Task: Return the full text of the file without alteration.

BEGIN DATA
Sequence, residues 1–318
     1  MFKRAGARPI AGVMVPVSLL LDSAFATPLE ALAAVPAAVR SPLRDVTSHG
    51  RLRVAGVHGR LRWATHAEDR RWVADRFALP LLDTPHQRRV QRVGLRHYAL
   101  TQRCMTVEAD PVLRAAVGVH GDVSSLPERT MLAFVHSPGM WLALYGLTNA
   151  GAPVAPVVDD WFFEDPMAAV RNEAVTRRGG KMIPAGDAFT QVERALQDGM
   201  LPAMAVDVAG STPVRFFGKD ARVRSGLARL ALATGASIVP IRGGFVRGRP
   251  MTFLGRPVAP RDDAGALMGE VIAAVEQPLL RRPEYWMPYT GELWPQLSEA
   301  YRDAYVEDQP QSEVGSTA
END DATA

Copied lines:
Sequence, residues 1–318
     1  MFKRAGARPI AGVMVPVSLL LDSAFATPLE ALAAVPAAVR SPLRDVTSHG
    51  RLRVAGVHGR LRWATHAEDR RWVADRFALP LLDTPHQRRV QRVGLRHYAL
   101  TQRCMTVEAD PVLRAAVGVH GDVSSLPERT MLAFVHSPGM WLALYGLTNA
   151  GAPVAPVVDD WFFEDPMAAV RNEAVTRRGG KMIPAGDAFT QVERALQDGM
   201  LPAMAVDVAG STPVRFFGKD ARVRSGLARL ALATGASIVP IRGGFVRGRP
   251  MTFLGRPVAP RDDAGALMGE VIAAVEQPLL RRPEYWMPYT GELWPQLSEA
   301  YRDAYVEDQP QSEVGSTA